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The Weird World of British Superstitions

"Very superstitious, the writing's on the wall…" if you're a music fan, we'll leave you to work out the song and singer! Whether you believe in them or not, we Brits are well-known for our superstitions; in fact, over 70% of us admit it! One of the common superstitions is Friday the 13th which many believe is unlucky.

The Weird World of British Superstitions

Everybody will know at least two or three superstitions, even if they don't believe in them, but do you know where our superstitions originated? Let's give you a rundown of 13 British superstitions - lucky and unlucky - and where they came from.

Unlucky Friday 13th

Have you ever noticed that in some hotels, buildings or even train stations and airports, there isn't a room number 13 or a gate 13? That's because it is considered an unlucky number, particularly when it falls on a Friday. Triskaidekaphobia (it's even got its own official name!) is being fearful of the number 13 and is thought to be linked to Christianity - 13 people at the Last Supper; Judas was the 13th disciple to join the table. But the most ancient reference to 13 being an unlucky number comes from a 1760 BC Babylonian code of law - each law is numbered, but the 13th law is missing.

It's bad luck to walk under ladders

This superstition is based on folklore which suggests that the triangle shape formed when a ladder is lent against a wall - no, it's not dangerous - invokes the Holy Trinity. Therefore, to walk through the triangle is believed to be unholy. However, if you walk under a ladder accidentally, don't worry; walk back under the ladder, praying at the same time, and you'll reverse the bad luck.

Break a mirror, and you'll have seven years bad luck

There are three origins for this superstition - the Romans who thought that breaking a mirror during a reading predicted a death; or the Venetians who used folklore to protect their beautiful mirrors from being broken by servants; or the Victorians who covered up their mirrors when someone died as they believed it stopped the deceased’s soul from being trapped inside the mirror. Rather than bringing bad luck, security and parking mirrors will help keep you safe instead.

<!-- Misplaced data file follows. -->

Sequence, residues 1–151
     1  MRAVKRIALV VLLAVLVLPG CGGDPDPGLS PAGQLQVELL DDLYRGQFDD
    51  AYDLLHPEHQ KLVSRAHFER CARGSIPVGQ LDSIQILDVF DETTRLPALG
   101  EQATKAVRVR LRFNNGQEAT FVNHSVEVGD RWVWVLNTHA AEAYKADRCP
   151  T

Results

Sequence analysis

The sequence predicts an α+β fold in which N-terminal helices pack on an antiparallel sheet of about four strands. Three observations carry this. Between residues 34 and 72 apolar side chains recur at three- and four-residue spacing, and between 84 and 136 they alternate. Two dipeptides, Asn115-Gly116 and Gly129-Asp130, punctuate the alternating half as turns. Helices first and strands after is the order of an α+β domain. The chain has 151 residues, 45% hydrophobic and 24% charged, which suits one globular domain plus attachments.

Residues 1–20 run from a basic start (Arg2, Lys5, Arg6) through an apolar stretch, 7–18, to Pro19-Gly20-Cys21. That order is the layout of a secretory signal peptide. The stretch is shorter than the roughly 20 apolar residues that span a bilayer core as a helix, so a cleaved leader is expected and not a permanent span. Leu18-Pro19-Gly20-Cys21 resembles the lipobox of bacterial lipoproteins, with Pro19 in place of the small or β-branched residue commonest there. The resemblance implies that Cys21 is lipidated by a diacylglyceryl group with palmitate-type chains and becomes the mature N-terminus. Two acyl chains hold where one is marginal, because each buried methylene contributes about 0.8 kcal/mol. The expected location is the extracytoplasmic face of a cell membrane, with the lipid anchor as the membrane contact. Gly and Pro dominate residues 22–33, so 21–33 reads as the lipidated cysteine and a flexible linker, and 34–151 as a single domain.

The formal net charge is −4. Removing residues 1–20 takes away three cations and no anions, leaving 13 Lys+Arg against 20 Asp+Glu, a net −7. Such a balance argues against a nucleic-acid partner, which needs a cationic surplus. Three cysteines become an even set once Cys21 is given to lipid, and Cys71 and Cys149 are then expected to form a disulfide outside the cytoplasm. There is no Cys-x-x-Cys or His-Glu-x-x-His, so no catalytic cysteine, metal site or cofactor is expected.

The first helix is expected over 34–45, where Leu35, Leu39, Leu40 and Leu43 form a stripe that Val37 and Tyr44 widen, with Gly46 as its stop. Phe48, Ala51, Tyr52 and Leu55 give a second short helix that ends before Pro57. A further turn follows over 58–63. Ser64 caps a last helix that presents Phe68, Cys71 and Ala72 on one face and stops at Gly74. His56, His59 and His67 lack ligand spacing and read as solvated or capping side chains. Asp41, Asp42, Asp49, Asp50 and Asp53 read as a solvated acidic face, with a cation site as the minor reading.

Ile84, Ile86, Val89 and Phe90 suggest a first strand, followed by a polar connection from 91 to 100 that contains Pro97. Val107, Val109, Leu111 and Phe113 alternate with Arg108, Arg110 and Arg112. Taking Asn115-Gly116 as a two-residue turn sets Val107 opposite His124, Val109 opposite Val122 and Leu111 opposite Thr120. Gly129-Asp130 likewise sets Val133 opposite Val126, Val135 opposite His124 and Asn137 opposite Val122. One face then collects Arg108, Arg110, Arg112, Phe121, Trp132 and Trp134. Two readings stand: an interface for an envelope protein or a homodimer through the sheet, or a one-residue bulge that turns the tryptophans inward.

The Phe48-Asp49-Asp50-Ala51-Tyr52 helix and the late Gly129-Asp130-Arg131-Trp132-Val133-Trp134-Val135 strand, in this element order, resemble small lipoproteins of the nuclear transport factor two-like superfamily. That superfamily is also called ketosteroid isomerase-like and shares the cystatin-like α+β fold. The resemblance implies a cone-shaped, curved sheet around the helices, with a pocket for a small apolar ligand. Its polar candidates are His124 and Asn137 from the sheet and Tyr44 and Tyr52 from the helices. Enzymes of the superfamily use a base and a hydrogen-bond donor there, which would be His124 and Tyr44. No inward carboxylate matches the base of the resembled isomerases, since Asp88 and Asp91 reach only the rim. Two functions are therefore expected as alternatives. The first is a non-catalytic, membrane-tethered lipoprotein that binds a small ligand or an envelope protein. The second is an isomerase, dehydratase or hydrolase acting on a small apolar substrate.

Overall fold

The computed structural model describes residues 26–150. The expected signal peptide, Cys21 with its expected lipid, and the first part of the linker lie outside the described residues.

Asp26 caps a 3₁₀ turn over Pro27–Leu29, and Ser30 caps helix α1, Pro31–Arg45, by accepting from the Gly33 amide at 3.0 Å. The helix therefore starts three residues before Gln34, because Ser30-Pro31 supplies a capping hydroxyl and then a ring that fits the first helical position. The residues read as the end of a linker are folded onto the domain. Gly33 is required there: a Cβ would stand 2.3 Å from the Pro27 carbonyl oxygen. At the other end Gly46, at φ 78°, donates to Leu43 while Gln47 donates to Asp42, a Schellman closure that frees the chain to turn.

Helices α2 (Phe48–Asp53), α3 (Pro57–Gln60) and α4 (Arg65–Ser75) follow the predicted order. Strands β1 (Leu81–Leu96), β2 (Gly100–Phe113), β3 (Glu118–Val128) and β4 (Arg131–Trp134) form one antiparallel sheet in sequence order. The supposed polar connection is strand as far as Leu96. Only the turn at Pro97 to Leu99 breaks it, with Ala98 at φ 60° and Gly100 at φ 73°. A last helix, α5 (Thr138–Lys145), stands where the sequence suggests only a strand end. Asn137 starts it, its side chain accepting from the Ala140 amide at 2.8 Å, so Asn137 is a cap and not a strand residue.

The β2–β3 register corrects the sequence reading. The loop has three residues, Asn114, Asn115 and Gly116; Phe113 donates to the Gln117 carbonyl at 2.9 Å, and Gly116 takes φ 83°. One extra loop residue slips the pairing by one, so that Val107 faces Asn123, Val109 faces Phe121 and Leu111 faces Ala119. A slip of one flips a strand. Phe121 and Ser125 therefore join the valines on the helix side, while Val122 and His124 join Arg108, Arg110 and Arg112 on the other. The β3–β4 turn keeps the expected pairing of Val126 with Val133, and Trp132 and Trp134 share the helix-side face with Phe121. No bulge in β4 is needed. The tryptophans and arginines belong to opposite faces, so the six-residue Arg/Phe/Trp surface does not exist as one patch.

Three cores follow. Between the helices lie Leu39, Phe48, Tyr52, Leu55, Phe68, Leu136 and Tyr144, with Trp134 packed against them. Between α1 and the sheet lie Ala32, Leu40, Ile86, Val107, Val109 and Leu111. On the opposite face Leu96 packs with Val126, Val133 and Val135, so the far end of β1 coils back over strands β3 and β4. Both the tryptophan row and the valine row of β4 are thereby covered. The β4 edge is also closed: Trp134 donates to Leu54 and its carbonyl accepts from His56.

Putting up umbrellas indoors will cause bad fortune to rain on your family

This probably dates back to when umbrellas were invented in the 18th century. They were designed with a strong spring mechanism that made sure umbrellas sprung open in seconds, only for them to be misjudged by people and the umbrella tip damaging priceless items in the home or even injuring a person! However, the superstition itself springs from the belief that if you open up an umbrella indoors, you are upsetting the spirits in the home, and bad fortune will fall on your family. The moral of the story is, don't put umbrellas up indoors but in an umbrella stand.

It's bad luck to put new shoes on the table

Another based in folklore and has three origins - some people believe new (or any, for that matter) shoes on a table are a harbinger of death because families of dead miners would leave their boots on the table as a tribute. Another folk tale links shoes on the table with convicts hanging from the hangman's noose as the scraping of their boots on the wood platform was like a table. There is also a belief that shoes on a table can bring bad luck to a marriage or storms and, amazingly, can cause stuttering in actors. So don't tempt fate, keep your shoes tidied away on a sensible shoe rack.

Saluting magpies